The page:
It is well known that `Monad`

is more powerful than `Applicative`

Functor. Using the Monad methods you can implement the Applicative ones, to the point that in recent GHC versions we have

with equivalence laws

and default implementation

There are many good examples of Applicatives that are not, and can not be, `Monads`

, like Validation and ZipList

But the question I was asking myself these days:

If we have an Applicative that is also a Monad, is there any reason to prefer

`<*>`

over`ap`

## Developing some intuition

From the Monad laws above we know that in fact they produce the same result, but could important performance differences exist?

Comparing the `Monad`

and `Applicative`

minimal implementations, we can expect some kind of performance difference. After all, with `>>=`

the continuation function has to create the monadic context dynamically:

The right argument to `>>=`

has type `Monad m => a -> m b`

, so it has to create the monadic context during execution. On the other hand, for `Applicative`

, the output context is fully defined by the “program” not by the evaluation of the function:

When we do `ma >>= f`

, `f`

is in charge of creating the final monadic context. But `f :: a -> m b`

doesn’t have access to the original context it is being chained to. So the new context gets created with no knowledge of the original one.

On the other hand, when we do `f k <*> f a`

the `<*>`

operator itself is in charge of creating the output applicative context, and it does so with access to the initial one. In that way, there is opportunity for optimizing the creation of the output context.

Based on this intuition, let’s try to find an example in a monad where creating the output context could be optimized with the extra knowledge.

## An array Monad

Regular Haskell Arrays, in `Data.Array`

are not monads or applicatives. They are too powerful, allowing for arbitrary index values. For example, let’s take the right identity law for monads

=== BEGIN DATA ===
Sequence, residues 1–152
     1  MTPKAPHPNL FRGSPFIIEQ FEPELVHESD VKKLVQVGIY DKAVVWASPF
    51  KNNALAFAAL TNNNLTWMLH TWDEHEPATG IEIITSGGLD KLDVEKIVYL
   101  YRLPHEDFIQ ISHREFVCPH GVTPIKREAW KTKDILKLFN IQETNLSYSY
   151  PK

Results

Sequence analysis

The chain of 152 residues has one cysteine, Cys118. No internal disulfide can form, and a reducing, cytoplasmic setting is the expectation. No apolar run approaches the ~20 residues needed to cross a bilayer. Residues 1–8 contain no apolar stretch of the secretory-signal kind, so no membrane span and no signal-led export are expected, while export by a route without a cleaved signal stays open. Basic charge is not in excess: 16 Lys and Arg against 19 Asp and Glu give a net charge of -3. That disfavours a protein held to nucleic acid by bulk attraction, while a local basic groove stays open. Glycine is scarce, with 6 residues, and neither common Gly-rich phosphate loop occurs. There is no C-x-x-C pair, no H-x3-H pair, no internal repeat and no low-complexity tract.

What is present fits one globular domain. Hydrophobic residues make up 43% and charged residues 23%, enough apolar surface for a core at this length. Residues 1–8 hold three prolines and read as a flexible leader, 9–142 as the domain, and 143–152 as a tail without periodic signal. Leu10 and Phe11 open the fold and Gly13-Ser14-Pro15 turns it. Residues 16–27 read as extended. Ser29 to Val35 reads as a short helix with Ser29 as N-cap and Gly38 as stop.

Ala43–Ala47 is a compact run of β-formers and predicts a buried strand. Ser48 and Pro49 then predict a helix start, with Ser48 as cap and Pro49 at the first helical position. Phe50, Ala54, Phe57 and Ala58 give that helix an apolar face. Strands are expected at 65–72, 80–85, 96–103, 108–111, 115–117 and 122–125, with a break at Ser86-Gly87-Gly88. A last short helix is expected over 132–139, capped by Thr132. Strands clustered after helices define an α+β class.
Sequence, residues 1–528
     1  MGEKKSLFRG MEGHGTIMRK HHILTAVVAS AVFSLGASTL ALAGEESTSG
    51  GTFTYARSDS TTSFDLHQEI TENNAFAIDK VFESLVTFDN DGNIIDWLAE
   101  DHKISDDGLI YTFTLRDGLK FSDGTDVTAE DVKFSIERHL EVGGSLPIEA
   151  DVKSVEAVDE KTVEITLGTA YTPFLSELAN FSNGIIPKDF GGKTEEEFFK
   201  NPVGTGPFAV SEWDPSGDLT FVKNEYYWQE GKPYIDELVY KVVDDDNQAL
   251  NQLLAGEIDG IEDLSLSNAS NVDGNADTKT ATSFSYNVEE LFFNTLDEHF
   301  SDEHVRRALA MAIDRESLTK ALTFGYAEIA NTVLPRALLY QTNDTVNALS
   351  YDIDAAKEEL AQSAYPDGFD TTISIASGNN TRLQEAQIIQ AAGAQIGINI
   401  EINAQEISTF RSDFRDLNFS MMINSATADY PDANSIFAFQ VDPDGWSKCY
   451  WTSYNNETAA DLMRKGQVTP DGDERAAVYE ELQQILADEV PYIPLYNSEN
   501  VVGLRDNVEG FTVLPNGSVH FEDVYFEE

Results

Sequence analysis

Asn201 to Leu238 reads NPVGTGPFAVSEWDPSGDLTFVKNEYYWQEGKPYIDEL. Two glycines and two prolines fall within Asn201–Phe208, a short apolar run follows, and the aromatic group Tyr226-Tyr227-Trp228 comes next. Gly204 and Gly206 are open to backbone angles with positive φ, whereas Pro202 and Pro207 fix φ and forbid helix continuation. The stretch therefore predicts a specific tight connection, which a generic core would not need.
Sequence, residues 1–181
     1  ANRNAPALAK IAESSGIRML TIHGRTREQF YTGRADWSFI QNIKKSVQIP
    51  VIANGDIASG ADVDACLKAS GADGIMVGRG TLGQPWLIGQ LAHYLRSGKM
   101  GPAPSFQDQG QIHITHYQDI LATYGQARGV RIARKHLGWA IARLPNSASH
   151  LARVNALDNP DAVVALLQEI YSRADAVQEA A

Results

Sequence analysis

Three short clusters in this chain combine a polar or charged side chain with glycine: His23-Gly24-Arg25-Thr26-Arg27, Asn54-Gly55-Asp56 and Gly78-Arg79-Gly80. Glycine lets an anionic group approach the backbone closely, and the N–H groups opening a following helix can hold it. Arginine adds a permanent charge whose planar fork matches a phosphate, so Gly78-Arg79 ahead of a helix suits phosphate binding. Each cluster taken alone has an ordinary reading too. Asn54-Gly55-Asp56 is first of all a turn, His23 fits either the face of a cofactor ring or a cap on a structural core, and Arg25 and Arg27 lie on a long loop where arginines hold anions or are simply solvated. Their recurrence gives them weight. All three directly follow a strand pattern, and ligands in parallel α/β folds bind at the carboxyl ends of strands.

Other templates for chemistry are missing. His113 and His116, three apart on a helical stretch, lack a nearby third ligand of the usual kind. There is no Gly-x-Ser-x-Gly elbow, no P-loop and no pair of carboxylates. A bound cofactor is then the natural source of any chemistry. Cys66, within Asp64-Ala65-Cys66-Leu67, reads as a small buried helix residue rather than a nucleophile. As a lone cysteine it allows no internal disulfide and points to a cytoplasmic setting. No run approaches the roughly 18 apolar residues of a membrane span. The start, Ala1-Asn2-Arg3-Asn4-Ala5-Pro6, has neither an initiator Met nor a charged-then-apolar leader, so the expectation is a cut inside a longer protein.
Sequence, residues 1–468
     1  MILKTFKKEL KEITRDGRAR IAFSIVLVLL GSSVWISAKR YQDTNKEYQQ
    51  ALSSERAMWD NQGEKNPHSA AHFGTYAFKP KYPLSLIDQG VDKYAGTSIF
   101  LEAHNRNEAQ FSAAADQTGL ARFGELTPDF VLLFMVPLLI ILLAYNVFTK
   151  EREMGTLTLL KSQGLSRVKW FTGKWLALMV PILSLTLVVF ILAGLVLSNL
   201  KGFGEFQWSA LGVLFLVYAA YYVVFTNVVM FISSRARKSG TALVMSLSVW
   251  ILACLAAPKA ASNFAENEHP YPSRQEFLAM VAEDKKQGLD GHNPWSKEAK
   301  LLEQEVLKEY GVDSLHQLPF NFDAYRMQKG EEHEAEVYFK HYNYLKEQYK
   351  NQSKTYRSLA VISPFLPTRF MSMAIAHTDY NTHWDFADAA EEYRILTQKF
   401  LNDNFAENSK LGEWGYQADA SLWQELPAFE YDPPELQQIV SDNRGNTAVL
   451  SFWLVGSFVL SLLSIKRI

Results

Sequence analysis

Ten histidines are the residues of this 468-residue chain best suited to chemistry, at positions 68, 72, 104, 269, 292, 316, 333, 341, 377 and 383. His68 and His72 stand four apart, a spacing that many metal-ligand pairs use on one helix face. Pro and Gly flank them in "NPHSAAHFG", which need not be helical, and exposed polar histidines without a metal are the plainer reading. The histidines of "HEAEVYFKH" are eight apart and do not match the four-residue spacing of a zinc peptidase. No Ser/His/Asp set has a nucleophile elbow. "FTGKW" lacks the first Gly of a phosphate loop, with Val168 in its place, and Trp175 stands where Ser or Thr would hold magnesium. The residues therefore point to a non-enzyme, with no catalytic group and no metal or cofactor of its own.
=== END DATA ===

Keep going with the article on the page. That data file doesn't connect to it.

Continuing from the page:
`as`

will have certain index values, but we have no way to make `return`

create an array with the same index values `as`

has, for all `as`

. There is no way to satisfy the law.

But we can create our own, much simplified, 1D array that can in fact be turned into a Monad. Let’s write the most basic array, in fact using Haskell’s `Data.Array`

as a backend:

```
data Arr a = Arr {toArray :: !(Array Integer a)}
fromList :: [a] -> Arr a
fromList [] = error "No empty arrays"
fromList as = Arr $ listArray (0, genericLength as - 1) as
```

We can only create these arrays from a list. These are terrible arrays, performance is going to be awful, but that’s not the point.

Now we provide instances for `Functor`

, `Applicative`

and `Monad`

.

Nothing fancy there, the usual unwrapping and wrapping and delegating to `Data.Array`

’s implementation.

For the `<*>`

to behave similarly to lists, we want to apply every function on the left to every value in the right argument array. We can use list comprehension and the fact that `Data.Arrays`

are `Foldable`

so they provide `toList`

. Since we are at it, we make our `Arr`

also `Foldable`

```
instance Foldable Arr where
foldMap f = foldMap f . toArray
instance Applicative Arr where
pure = fromList . pure
fs <*> as = fromList [f a | f <- toList fs, a <- toList as]
```

Again, this is going to be horrible performance, we turn the arrays into lists, then use the lists for the cartesian product, and finally turn the resulting back into an `Arr`

. The key here is that we only create a single `Arr`

, since we know the applicative contexts on the left and right, we know exactly what the size of the resulting array will be, and we can just construct it.

On the other hand, when we make `Arr`

a `Monad`

There is no way around it, each call to `f`

creates a new `Arr`

, and finally we need to create yet another big array. `Data.Array`

is strict on the indexes, this is more work that for the `Applicative`

case.

### Benchmark

Let’s run the same operation using both the `Applicative`

and the `Monad`

. The fantastic criterion library can be used to get some numbers.

```
applicativeWork :: (Applicative f, Foldable f, Num a) =>
f a -> a
applicativeWork as = sum $ (+) <$> as <*> as
monadWork :: (Monad f, Foldable f, Num a) =>
f a -> a
monadWork as = sum $ ((+) <$> as) `ap` as
```

We sum the results of a cartesian product, both on the applicative context, using `<*>`

, and on the monadic context using `ap`

. And now we drive it with criterion’s `defaultMain`

and a reasonable size. As a control case, we do the same for lists.

```
main = do
let n = 500 :: Int
l = [0..n]
as = fromList l
defaultMain [
bgroup "array" [
bench "applicative" $ nf applicativeWork as
, bench "monad" $ nf monadWork as]
,bgroup "list" [
bench "applicative" $ nf applicativeWork l
, bench "monad" $ nf monadWork l]
]
```

We see for `Arr`

the `Applicative`

is around three times faster than the `Monad`

, while for lists, times are exactly the same.

So, that’s one reason to prefer `<*>`

over `ap`

, for some monads the former can be vastly more efficient.

## Code

You can find all the source for this post on GitHub